When the kidney he had received through a transplant in 1992 developed a cancerous tumor and was surgically removed, Wilde was put back on dialysis and was told that just eight percent of people with his blood type could be his donor. Dozens of friends, family and colleagues were tested to see if they were a match, but to no avail.
"The waiting period for my blood type on the transplant list was long, between two and a half and three years," says Wilde, 50, a professor of educational psychology at Indiana University East. "I didn't think I'd survive that long. I thought, 'Well this just isn't going to happen. I'm just going to wither away.'"
But when Leah Hostalet, Wilde's friend and former student, saw a status update from Wilde in November of 2011 that he was in search of a kidney donor, she wanted to help.
On November 18 she set up a Facebook page, Find a Kidney for Jerry, which included his blood type and other pertinent medical information. Becky Melton – a total stranger to Wilde – saw the page that would change both their lives.
"I was looking for purpose in my life. It just struck me," says Melton, 28, who was scrolling through Facebook when she saw Jerry's page, "I thought, 'I want to do this. This is my guy. I am going to give him my kidney.' "
Melton, a loan processor in Richmond, Ind., and Wilde exchanged information. On December 14, Melton found out she was a match, and texted Wilde a photo of herself holding a sign with a picture of two kidneys on it. The sign read: "We're a match!" Wilde still gets choked up thinking about that day.
"I was standing in the living room in shock," he says. "I had never met this person. It's like, who does this for a complete stranger?"
On February 24, 2012, the transplant took place and Wilde has been healthy ever since.
Courtesy Leah Hostalet
Though thrilled for her friend, Hostalet, a 33 year-old mom of three in Brownsburg, Ind., didn't feel her efforts were done.
"I felt drawn to this cause for some reason, and I felt like there was more I could do," she says.
Her solution? Find a Kidney Central, a hub for kidney donation pages that now is home to 161 people who are in need of a new kidney. In the year the page has been up and running it has linked donors for 38 transplants, and has grown from a bulletin board of information into a vibrant support community for those waiting for transplants.
"Everyone who is in need is so supportive of one another," says Hostalet, "The community feel to the page brings me such joy."
Pairing Kidneys EverywhereThe efforts have created a good will cascade effect: Leona Jones of Bedford, Ind., found and utilized Find a Kidney Central. In July, Jones got a call from her transplant coordinator, who had been contacted by Susan Yost, a woman who had seen Jones's page and wanted to donate her kidney. Though Yost and Jones were not a match, they agreed to participate in a paired donation program at IU Health University Hospital.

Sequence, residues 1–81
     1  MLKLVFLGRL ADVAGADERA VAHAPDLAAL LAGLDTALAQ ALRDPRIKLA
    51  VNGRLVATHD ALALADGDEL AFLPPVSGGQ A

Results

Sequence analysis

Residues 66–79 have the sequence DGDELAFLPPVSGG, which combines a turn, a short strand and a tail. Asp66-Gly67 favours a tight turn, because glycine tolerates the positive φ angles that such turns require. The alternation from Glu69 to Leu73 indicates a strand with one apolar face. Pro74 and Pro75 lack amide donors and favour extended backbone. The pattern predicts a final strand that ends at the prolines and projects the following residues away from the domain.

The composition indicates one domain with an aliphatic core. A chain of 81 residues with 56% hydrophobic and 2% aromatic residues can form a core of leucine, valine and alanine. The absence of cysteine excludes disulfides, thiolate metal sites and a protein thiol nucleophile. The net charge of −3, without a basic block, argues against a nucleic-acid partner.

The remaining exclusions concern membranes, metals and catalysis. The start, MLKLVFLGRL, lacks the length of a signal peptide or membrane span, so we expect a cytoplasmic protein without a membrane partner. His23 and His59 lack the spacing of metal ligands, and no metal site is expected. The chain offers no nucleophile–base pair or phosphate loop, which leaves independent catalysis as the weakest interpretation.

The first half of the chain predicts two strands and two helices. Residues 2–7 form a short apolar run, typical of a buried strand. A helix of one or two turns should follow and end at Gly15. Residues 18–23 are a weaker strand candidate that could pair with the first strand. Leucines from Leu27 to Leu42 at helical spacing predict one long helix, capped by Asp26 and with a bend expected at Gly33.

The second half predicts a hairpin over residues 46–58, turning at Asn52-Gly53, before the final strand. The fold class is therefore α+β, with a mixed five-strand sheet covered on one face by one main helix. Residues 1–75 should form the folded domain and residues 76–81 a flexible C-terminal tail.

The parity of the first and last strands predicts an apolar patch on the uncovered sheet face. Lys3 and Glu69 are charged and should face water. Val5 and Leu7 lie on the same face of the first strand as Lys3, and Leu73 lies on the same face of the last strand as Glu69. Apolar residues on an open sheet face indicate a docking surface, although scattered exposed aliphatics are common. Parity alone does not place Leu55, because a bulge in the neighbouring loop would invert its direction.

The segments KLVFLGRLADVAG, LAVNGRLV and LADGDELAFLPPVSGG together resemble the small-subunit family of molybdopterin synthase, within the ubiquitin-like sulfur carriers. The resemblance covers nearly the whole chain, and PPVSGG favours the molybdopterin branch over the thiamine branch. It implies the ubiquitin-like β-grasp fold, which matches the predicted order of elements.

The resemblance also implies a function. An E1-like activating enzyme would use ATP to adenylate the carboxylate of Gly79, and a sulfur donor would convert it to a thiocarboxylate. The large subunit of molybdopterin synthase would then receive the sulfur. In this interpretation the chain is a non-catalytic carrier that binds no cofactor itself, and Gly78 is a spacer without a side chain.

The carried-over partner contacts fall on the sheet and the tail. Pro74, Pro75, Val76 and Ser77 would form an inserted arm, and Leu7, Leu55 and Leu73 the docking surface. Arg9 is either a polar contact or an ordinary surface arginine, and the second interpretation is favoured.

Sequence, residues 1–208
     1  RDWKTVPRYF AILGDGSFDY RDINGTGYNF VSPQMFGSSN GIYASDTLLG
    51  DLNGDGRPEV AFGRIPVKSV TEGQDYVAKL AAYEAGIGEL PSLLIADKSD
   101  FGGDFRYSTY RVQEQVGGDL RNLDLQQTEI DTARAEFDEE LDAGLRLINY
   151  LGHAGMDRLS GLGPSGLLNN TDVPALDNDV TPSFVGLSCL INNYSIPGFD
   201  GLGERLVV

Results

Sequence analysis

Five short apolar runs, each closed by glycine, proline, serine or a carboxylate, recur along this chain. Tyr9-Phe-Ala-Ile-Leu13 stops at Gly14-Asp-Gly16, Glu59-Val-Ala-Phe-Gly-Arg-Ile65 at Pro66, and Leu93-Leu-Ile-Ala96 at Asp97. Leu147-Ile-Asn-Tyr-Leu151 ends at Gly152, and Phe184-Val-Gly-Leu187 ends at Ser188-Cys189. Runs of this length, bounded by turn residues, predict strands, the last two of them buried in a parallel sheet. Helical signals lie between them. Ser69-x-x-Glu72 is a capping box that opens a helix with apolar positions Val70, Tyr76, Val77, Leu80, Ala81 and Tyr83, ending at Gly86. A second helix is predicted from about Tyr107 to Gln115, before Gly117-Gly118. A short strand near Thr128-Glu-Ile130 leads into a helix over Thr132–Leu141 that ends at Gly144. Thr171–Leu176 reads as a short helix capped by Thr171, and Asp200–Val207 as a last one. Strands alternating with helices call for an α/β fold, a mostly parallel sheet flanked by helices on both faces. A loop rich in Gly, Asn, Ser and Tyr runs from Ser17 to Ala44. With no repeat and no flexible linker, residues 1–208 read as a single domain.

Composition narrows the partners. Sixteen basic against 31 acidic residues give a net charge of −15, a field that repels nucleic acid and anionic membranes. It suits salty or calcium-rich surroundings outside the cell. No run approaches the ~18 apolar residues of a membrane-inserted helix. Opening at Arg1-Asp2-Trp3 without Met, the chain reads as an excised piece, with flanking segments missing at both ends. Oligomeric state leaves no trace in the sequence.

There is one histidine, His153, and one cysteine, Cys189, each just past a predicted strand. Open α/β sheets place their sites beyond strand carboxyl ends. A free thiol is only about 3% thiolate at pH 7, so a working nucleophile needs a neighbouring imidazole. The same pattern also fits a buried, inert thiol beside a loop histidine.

They were then connected to Peggy McCormick and her nephew Lucas, who needed a second transplant after his first transplanted kidney started to fail. Peggy donated her kidney to Leona, and Susan was a match for Lucas and donated a kidney to him.
"It was just like everything fit," says McCormick, 58, of donating her kidney to Jones. "It was a match made in heaven."
Doctors told McCormick that it was a miracle that Leona was matched.
"Two days before the transplant we all met," says McCormick. "After we had our preliminary labs done they got us all together in a room. There was a lot of hugging and crying."
Adds Jones, "It was very emotional ... I didn't know these people, and for someone to give up part of their body to you, it's indescribable."
Courtesy Peggy McCormick
Dr. Bryan Becker, transplant physician and former National Kidney Foundation president, calls Hostalet's work exceedingly important.
"Living kidney donor transplantation is a tremendous way to treat kidney failure with a better likelihood of a good outcome," he says.
Lifelong BondAs for Wilde and Melton, the two say they share a lifelong bond. Melton is a graduate of IU East, and Wilde had a scholarship named after her, The Becky Melton Scholarship, which is given to a student who exemplifies the spirit of giving.
Hostalet, Melton, Wilde and Wilde's daughter met for dinner one night before the surgery. After dinner, Melton posted the following status on Facebook: "I just met four members of my family that I didn't know."
Hostalet says she is continually inspired by those who post to the site.
"Just seeing their strength, moving forward every day even though they're dealing with this extreme struggle in their lives, it makes me want to keep searching for them. I want to keep educating people as to how difficult dialysis is on the body, and the need for living donors."
As for her next steps, she says, "My plans are to keep this page running and spread as much awareness as possible. I'll take it wherever it leads me. I feel like I'm meant to do this."
Those who are interested in registering as an organ donor on Facebook can do so here. More Heroes Among Us:
Scott Neeson Left Hollywood to Save Kids in Cambodia's Slums
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Know a hero? Send suggestions to firstname.lastname@example.org. For more inspiring stories, read the latest issue of PEOPLE magazine